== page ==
Smoking is Major Risk Factor for Rheumatoid Arthritis

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If you want to avoid living with debilitating rheumatoid arthritis, put out that cigarette. A new Swedish study reports that smoking is a major risk factor for the disease and is associated with the amount of smoking and genotype.

Smoking is a preventable risk factor

The main risk factors for rheumatoid arthritis are generally listed as sex (women are more likely to develop the disease than men are, and there is evidence it is increasing among women), age (usually develops between ages 40 and 60), family history of the disease (you can also inherit a predisposition), and smoking. A recent study from Boston University School of Public Health suggests a vitamin D deficiency may have a role in the disease as well.

Based on previous research that showed smoking and genetic risk factors work together to increase a person’s risk of developing rheumatoid arthritis, investigators at the Karolinska Institute in Stockholm decided to take a closer look at that association. Their study involved 1,204 people with rheumatoid arthritis and 871 individuals without the disease. All participants were questioned about their smoking habits.

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The researchers found that individuals who smoked at least 20 cigarettes daily for at least 20 years were more than 2.5 times as likely to test positive for the antibody called anticitrullinated protein/peptide (ACPA), a substance closely associated with the most common and severe form of rheumatoid arthritis.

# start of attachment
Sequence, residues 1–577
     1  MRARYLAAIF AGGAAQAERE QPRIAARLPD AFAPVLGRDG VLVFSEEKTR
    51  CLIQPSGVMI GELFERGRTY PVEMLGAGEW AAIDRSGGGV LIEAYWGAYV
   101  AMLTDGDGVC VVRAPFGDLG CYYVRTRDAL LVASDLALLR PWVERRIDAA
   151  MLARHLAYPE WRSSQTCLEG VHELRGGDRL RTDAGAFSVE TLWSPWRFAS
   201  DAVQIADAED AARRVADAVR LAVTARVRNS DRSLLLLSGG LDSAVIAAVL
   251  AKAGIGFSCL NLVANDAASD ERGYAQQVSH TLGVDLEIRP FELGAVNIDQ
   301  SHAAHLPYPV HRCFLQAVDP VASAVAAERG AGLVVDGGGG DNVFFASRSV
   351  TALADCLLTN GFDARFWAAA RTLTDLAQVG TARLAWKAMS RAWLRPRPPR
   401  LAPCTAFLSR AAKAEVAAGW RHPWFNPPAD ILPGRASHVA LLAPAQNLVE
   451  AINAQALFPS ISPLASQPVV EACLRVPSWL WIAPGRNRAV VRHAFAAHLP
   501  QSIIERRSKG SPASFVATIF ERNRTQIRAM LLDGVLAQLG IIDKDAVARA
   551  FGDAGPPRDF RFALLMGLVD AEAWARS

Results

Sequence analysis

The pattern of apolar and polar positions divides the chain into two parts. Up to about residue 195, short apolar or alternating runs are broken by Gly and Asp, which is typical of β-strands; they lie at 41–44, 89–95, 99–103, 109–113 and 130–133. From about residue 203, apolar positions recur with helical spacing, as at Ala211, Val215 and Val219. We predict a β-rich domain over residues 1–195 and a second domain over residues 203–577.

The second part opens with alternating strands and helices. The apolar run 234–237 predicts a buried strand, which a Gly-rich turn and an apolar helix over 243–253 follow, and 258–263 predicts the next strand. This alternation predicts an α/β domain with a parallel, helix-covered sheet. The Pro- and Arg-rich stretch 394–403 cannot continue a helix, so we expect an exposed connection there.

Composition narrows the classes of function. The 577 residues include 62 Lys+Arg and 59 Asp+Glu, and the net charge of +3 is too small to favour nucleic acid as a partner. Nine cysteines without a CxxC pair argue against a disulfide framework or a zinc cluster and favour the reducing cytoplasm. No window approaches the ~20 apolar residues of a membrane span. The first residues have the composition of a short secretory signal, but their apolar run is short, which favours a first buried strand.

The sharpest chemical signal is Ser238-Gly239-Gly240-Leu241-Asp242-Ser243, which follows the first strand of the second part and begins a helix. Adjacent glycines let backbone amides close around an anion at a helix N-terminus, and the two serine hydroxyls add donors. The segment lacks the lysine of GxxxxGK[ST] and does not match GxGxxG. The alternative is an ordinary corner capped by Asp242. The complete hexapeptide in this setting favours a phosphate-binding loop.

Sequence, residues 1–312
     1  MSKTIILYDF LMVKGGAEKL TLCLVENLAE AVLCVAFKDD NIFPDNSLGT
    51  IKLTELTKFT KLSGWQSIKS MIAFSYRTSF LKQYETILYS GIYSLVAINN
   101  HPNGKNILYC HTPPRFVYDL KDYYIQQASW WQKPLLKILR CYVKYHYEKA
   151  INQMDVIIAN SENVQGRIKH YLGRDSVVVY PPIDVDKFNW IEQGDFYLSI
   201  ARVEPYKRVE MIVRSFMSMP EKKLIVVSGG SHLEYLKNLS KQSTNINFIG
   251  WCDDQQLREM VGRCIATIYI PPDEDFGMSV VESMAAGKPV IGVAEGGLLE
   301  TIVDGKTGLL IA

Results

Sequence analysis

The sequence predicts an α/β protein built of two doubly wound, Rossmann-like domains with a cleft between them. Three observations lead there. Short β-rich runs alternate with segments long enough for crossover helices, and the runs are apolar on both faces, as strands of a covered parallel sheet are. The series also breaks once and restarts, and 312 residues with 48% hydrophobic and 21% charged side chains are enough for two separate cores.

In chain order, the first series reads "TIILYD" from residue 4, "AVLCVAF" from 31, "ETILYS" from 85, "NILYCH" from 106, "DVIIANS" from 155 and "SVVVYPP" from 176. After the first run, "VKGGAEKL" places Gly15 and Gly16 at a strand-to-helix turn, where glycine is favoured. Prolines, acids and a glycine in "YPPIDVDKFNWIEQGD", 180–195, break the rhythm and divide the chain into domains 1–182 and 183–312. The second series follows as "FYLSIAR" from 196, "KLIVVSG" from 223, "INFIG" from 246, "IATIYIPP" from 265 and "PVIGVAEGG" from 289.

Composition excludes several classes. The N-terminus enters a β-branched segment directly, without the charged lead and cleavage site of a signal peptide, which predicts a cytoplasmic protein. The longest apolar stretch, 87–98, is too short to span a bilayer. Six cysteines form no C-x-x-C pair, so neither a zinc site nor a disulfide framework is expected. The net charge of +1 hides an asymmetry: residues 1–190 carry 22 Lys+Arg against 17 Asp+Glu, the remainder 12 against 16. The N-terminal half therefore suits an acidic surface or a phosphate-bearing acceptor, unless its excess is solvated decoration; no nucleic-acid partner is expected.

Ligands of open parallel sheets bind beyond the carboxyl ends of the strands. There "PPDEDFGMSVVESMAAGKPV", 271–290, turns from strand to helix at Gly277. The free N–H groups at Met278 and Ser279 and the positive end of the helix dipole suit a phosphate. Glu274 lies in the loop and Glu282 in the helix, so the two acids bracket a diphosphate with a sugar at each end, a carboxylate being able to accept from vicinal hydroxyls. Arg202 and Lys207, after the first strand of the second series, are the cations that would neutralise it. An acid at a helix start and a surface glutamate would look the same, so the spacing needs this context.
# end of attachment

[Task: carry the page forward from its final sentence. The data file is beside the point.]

In addition, investigators found that smoking accounted for 35 percent of rheumatoid arthritis patients positive for ACPA and 20 percent of the cases overall. Among individuals who were genetically susceptible to rheumatoid arthritis because they carry two copies of a specific allele (HLA-DRB1 SE), smoking was found to be responsible for 55 percent of ACPA-positive cases.

The Arthritis Foundation notes that individuals with the genetic marker HLA-DR4 may have an increased risk of developing rheumatoid arthritis. This substance is present in white blood cells and helps the body distinguish between its own cells and unwelcome invaders.

Although individuals cannot do anything about their genetic makeup, they can avoid certain risk factors. As this study shows, smoking is a major risk factor for rheumatoid arthritis, and fortunately, a preventable one. The study’s authors note that in all but the heaviest smokers, stopping smoking can reduce the risk of developing the disease.

SOURCES:
Arthritis Foundation
Kallberg H et al. Annals of Rheumatic Diseases doi: 10.1136/ard.2009.120899

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